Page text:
Mitchell endorses Stewart

A very interesting post from Mark Mitchell about his time in Iraq, where he worked with Rory Stewart, one of the contenders for the UK leadership.

An extract:

Rory and I first met when we both served in the Coalition Provisional Authority (CPA) and the Iraq reconstruction programme back in 2003-2004. We were based in Nasiriyah, the 4th largest city in Iraq (approx. 370kms South East of Baghdad), situated on the Euphrates River. The CPA was responsible for delivering new central and local government elections, rehabilitating the courts, training and equipping the Iraqi Police Service, construction of critical infrastructure and developing new sports and cultural facilities to name a few.

Stuff most people would support.

Rory was the Deputy Governor, and I was part of two, four man close protection teams. We had a guard force of 30 ex-Filipino Rangers, three Guard Commanders – one being an ex-Delta Force Operator and two US Navy Seals. We also had a platoon of approx. 15 Italian soldiers and several journalists and project managers from the UK, Denmark, USA and Italy. There were roughly 80 CPA personnel on the compound at any given time.

The only personnel authorised to leave the compound were the close protection teams and that was either for reconnaissance purposes or to move Rory or other CPA personnel to and from meetings. Our job simply was to get these personnel there and back in one piece. I was relieved at the end of my time, leading a team that I hadn’t lost anyone and no one under our protection had been killed or captured. Sometimes I think this is a miracle when I consider the amount of tight situations we had to work our way out of. I want to pay tribute to friends and team members that never made it home and those that came home pretty banged up. They made the ultimate sacrifice protecting others and in my view, this is one of the greatest sacrifices one human can make for another. 

That sounds scary enough, but worse to come.

Where I really saw Rory’s Leadership credentials on display was when the Shia Cleric Muqtada Al Sadr called for an uprising of the Mahdi Militia across Iraq. The order was to attack the coalition and CPA compounds around the country – it felt like every terrorist in Iraq came for the party.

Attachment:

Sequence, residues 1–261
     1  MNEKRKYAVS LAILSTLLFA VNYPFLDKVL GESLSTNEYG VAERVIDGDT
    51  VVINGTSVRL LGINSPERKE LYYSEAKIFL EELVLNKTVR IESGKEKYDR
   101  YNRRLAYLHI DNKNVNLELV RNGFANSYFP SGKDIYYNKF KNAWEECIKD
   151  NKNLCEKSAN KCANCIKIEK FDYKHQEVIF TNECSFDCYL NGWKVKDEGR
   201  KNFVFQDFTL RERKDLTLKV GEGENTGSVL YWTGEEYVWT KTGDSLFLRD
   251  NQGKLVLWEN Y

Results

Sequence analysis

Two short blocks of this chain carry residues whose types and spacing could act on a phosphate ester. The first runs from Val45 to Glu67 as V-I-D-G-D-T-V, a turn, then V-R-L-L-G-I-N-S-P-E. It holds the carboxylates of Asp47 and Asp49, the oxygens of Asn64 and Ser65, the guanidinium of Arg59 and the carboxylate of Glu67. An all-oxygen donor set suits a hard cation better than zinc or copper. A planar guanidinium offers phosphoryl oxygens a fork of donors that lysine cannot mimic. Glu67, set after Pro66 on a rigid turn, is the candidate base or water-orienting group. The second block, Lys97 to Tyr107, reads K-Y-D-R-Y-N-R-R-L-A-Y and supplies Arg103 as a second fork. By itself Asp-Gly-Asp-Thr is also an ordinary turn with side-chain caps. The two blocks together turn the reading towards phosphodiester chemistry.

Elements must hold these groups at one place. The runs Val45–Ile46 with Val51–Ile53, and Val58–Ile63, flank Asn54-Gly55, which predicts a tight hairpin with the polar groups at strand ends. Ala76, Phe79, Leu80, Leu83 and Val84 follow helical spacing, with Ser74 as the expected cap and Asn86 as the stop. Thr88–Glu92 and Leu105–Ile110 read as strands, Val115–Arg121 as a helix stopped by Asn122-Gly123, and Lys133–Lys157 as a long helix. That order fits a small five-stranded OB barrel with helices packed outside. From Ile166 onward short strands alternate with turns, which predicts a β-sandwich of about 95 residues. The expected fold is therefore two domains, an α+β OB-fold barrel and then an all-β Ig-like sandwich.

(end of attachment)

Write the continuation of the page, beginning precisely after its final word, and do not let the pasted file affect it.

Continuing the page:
Suddenly, we were stuck in a postage stamp sized compound, cut off from support, surrounded and hopelessly outnumbered. As the attack started it very quickly became intense. The Italian soldiers were posted on the roof of our only hard building. This was the only high point that a defence could be mounted. It was very exposed and had minimal cover or protection from fire

Journalists and CPA staff were put in rooms in the centre of the hard building protected as well as we could with sandbags and windows covered with mattresses. Our job as the close protection teams was to protect the journalists and civilians as a last line of defence. If the defence from the roof failed and the perimeter was breached by the Militia we were realistic about the outcome of a CQB fight with 8 of us against hundreds of pumped up insurgents. We would stick together and do our best.

Everything changed rapidly when two Italian soldiers were badly injured by an incoming mortar round with one having his spinal cord severed. The rest of the Italians abandoned the roof. There has been heavy criticism of the Italians and the fact posts were abandoned. I accept that but I also had some sympathy for them. They were barely out of their teens, many probably conscripts and the truth of the matter was their chain of command was often polarised in terms of decision making. On saying that, I saw many acts of bravery by Italian soldiers during my time in Iraq. We had to get a defence up quickly on the roof and so both close protection teams and Zac and Pete the two ex-US Navy seals headed for the roof. It was complete chaos with tracer fire lighting up the night sky, mortars being walked onto us, an RPG round flew straight over the top of my head as I ran across the roof. We quickly learned how to live in the prone position. We had a car bomb driven at speed towards our rear perimeter which would have created a massive breach that the insurgents could have swarmed through. One of our team, an ex-British SAS soldier bought one of the Italian 50 caliber rifle’s to bear and stopped the vehicle reaching us by taking out the engine block. It was a challenging time. 

While all this was going on Rory’s composure and leadership is what helped keep a sense of calm, organisation and focus in what was a situation completely out of control. He provided updates to Baghdad and Basra who in all were dealing with an uprising around the whole country. He worked hard to get us air support. He monitored food, water and ammunition supply’s and kept us updated.

Says a lot about both Mitchell and Stewart that they kept calm during this. Stewart isn’t going to win the leadership contest, but he has impressed enough people that he would be a stronger contender in future.

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